A digital pact is a good idea. But Pascal Rogard asks what is being done to foster the diversity of our cultures.
Pascal Rogard is director general of the French Society of Dramatic Authors and Composers (SADC).
On 6 May, the European Commission presented its strategy for a Digital Single Market – expectations are high. With an expected €415 billion per year and one hundred thousand newly created jobs, the digital sector very much looks like an Eldorado.
But sometimes, there is only a fine line between a miracle to a mirage. The European Commission focuses on three fundamental pillars to consolidate a digital Europe: better access to online goods and services across Europe for consumers and businesses; the creation of a favourable environment and fair competitive conditions for the development of innovative digital networks and services; the maximisation of the growth potential of the digital economy. Yet, to add a fourth pillar would consolidate the project.
As a matter of fact, the foundations of a digital Europe show a lack of ambition, they are unbalanced and suffer from omissions, all of which represent potential handicaps. It gives the idea of an obvious failure to envisage a pact for culture – a pact now essential for Europeans, who are citizens in need of an identity before being consumers. It is essential too for the future of creators and European creation in the digital era.
“If I had to do it again, I would begin with culture.” Jean Monnet never said these words he is credited for, yet he could have in view of the need to build a European identity.
We are convinced that culture, in all its multitalented diversity, is a chance for Europe. It certainly is a chance for the economy, but it can also recreate a bond between populations and the idea of Europe. Obviously, we also believe that digital technologies are an opportunity for culture, for the dissemination and circulation of works.
Yet, there is no great policy without great ambition. The declared flagship measure of the European strategy, authors’ rights, are less in need of reform than of respect. That means putting a stop to the piracy of works. We are certainly in favour of increasing the portability of services, but is there no greater ambition to defend? No author would oppose improved cross-border access to his/her work, as long as the financing of the work is not sacrificed and prior access and presence on new services is ensured.
There was constructive dialogue between creators and the Commissioner in charge of the digital economy and society, Günther Oetttinger. The French government too was able to mobilise its European partners, particularly Italy and Germany, and to convince them that it is important not to weaken support to creation and cultural diversity.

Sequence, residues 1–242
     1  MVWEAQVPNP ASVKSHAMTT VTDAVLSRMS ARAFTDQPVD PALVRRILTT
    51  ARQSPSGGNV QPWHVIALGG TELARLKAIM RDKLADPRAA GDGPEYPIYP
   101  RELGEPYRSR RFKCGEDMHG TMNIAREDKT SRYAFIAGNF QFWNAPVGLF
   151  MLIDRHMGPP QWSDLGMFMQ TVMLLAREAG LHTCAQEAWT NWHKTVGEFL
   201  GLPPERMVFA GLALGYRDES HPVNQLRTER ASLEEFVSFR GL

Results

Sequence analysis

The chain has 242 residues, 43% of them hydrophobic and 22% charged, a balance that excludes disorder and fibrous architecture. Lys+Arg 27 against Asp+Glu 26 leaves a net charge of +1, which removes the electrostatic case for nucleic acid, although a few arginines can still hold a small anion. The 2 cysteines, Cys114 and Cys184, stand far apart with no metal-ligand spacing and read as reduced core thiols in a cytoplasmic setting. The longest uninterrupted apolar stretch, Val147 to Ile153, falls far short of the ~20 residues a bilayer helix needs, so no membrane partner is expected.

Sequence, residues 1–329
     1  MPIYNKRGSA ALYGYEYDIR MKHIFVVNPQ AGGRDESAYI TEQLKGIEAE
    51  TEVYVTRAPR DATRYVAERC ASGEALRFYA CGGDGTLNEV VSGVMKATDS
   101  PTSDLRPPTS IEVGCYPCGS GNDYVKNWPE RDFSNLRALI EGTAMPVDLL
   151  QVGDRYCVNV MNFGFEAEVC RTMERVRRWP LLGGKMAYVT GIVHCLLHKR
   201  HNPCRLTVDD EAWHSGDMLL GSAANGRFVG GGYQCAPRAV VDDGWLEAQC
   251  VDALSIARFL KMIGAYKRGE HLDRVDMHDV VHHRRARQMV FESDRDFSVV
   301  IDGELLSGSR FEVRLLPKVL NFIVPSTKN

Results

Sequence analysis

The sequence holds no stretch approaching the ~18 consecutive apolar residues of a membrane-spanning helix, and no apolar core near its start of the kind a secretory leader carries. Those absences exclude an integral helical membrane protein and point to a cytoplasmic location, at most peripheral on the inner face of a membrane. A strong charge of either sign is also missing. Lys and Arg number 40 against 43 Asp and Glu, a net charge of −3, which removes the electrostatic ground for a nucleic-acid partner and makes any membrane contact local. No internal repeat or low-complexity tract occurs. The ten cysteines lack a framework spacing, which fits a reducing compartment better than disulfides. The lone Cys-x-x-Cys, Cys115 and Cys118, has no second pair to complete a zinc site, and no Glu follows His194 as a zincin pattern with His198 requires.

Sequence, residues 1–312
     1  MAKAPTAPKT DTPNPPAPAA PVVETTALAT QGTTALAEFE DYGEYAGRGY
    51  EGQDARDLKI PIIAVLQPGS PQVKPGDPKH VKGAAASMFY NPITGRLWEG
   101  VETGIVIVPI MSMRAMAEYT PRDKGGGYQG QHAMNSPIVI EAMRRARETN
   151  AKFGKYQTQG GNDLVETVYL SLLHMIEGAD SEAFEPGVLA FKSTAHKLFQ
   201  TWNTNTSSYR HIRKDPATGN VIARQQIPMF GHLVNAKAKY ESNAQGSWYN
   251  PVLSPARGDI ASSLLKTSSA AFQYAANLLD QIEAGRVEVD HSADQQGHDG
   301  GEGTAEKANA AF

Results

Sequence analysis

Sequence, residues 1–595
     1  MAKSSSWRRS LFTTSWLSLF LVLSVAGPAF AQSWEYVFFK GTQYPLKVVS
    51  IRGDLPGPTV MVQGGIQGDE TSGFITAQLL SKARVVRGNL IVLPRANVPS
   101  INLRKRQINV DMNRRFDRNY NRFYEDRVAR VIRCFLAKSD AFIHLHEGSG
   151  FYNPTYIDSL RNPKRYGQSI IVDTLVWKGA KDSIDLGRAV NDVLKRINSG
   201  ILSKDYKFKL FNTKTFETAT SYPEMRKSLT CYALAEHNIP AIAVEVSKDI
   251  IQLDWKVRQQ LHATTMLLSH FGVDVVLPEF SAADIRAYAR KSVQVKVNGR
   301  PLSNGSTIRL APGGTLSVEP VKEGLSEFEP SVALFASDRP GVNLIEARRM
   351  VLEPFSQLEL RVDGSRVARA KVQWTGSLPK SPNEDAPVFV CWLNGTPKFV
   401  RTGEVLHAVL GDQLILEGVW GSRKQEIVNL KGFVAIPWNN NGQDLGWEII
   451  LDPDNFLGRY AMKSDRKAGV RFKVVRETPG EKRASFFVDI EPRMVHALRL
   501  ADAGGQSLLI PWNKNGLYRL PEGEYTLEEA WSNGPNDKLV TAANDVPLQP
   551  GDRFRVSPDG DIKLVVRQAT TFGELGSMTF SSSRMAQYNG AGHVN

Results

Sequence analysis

However, the European Commission’s eagerness to reform authors’ rights via a directive which will be in motion by the end of the year hardly conceals its hesitations and timidity when it comes to implementing the much needed and urgent reforms in favour of creation and culture. We would have expected a much bolder attitude on four broad objectives.
The first one is dealt with in a single line in the presentation of the Commission’s digital strategy: to reinforce creators’ remuneration. No calendar, no indication on how to reach this goal. Nothing.
To ensure the promotion of European works on online distribution platforms by putting a stop to the impunity the internet’s big players enjoy when they establish their base in countries where obligations to invest and disseminate European creation is at its lowest. There again, the nature and extent of measures which could be implemented is neither mentioned nor specified!
To apply the same VAT rate to all cultural goods, whether digital or not. We say yes! But when exactly?
And finally, in order to find the most efficient way to fight against commercial piracy by dealing with the liability regime of web hosting and internet intermediary services providers, the Commission will by the end of 2015 launch a complete evaluation of the role played by online platforms. Potential decisions will come later. This is too late, much too late. The digital revolution speeds up everything, good and bad, and here, the later action is taken, the greater the damage.
The European digital project cannot consist of bare lines of figures and percentages. It should defend values, ambitions and set rules and policies which place culture and creation at the very heart of the European identity, which foster the protection of authors’ rights, which guarantees a fair remuneration for creators and which facilitates the public’s access to European works – works which need to be created before being made accessible.
If Europe does not intend to reshape cultural diversity with its strategy for a digital single market, if it does not want to integrate in it a cultural agenda which is coherent and ambitious, clear and precise, that could mean its renunciation. It opts out politically and culturally and, as a result, European creation’s power and dynamism will gradually be eroded and dissolved within a big market ruled by extra-European distribution platforms for films, music and books.
This strategy for a single digital market is not the finishing line. It should be the starting point to build a strong and attractive Europe, both digital and cultural. Europe has the assets. Now it must get the means to do so.